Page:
Nontoxic Nodular Goiter
(Sporadic Goiter; Simple Goiter; Nodular Enlargement of the Thyroid Gland)
A goiter is an enlargement of the thyroid. The thyroid is a gland. It produces hormones that help regulate your body’s metabolism. It is located on the front of the neck, right below the Adam’s apple. Goiters are seldom painful. They tend to grow slowly.
There are different types of goiters. This sheet focuses on nontoxic (or sporadic) goiter. It is a type of simple goiter that may be:
- Diffuse—enlarging the whole thyroid gland
- Nodular—enlargement caused by nodules, or lumps, on the thyroid
The development of nodules marks a progression of the goiter. It should be evaluated by your doctor.
Goiter (Enlargement of the Thyroid Gland)
The exact causes of nontoxic goiter are not known. In general, goiters may be caused by too much or too little thyroid hormones. There is often normal thyroid function with a nontoxic goiter. Some possible causes of nontoxic goiter include:
- Heredity (family history of goiters)
- Regular use of medications such as lithium, propylthiouracil, phenylbutazone, or aminoglutethimide
- Taking a lot of substances (goitrogens) that inhibit production of thyroid hormone—common goitrogens include foods such as cabbage, turnips, brussel sprouts, seaweed, and millet
- Iodine deficiency—Iodine deficiency is very rare in the United States and other developed countries, due to the use of iodized table salt; this is a primary cause of goiter in other parts of the world, particularly in mountainous areas, or areas that experience heavy rainfall or flooding
The following factors increase your chance of developing nontoxic goiter:
- Sex: female (nontoxic goiter is more common in women than men)
- Age: over 40 years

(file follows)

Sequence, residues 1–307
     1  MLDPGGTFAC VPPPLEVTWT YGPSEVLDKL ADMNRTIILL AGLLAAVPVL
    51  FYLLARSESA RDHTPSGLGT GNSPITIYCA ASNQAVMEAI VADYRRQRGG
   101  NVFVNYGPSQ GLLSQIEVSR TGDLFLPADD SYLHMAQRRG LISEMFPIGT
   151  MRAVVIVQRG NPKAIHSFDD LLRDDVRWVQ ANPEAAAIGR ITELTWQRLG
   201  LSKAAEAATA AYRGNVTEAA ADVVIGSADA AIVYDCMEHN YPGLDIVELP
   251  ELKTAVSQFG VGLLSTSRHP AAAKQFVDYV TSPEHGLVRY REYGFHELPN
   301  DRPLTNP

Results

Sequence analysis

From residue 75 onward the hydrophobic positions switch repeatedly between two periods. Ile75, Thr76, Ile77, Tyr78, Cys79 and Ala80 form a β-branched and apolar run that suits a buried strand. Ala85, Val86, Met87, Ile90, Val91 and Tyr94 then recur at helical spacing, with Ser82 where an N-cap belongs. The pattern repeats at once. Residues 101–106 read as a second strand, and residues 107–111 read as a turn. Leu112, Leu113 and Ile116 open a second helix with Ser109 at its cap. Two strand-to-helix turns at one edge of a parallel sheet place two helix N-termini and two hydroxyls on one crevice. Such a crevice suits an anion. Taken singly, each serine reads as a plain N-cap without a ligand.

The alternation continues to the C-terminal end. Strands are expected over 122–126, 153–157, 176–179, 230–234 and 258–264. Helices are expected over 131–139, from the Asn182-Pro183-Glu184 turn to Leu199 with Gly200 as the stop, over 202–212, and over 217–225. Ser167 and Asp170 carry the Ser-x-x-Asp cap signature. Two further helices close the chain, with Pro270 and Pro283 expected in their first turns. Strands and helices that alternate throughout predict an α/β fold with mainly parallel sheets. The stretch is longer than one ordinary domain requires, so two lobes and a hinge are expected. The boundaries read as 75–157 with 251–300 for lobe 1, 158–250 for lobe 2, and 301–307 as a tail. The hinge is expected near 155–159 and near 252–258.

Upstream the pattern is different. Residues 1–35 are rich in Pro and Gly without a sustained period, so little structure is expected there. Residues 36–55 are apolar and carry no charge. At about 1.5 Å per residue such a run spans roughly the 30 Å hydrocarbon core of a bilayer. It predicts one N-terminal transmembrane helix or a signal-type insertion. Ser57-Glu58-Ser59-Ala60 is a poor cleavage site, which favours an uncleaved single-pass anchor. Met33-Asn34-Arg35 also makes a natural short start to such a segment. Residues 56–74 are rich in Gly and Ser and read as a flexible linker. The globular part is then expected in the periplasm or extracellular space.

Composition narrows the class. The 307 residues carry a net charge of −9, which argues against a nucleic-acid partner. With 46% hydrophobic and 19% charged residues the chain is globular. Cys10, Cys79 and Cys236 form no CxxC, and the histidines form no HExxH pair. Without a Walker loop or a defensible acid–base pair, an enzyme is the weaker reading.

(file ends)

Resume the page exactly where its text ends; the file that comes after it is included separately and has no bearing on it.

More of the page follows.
- A diet low in iodine
If you have any of these risk factors, tell your doctor:
- Family history of goiter
- History of radiation therapy to head or neck, especially during childhood
Nontoxic goiters usually do not have noticeable symptoms, unless they become very large. If you experience any of these, do not assume it is due to this condition. These may be caused by other, less serious health conditions. If these symptoms persist, see your doctor.
- Swelling on the neck
- Breathing difficulties, coughing, or wheezing with large goiter
- Difficulty swallowing with large goiter
- Feeling of pressure on the neck
Your doctor will ask about your symptoms and medical history. A physical exam will be done. Your doctor may recommend a specialist. An endocrinologist focuses on hormone related issues.
Tests may include the following:
- Examination of the neck—to assess any thyroid enlargement
- Ultrasound—a test that uses sound waves to identify nodules of the neck and thyroid
- Blood tests—to assess levels of thyroid hormones (eg, thyroid stimulating hormone); thyroid autoantibodies tests may also be done
- Thyroid scan (scintigraphy)—a picture of your thyroid gland taken after you have been given a shot or drink of a radioisotope to show how your thyroid is functioning and exclude thyroid cancer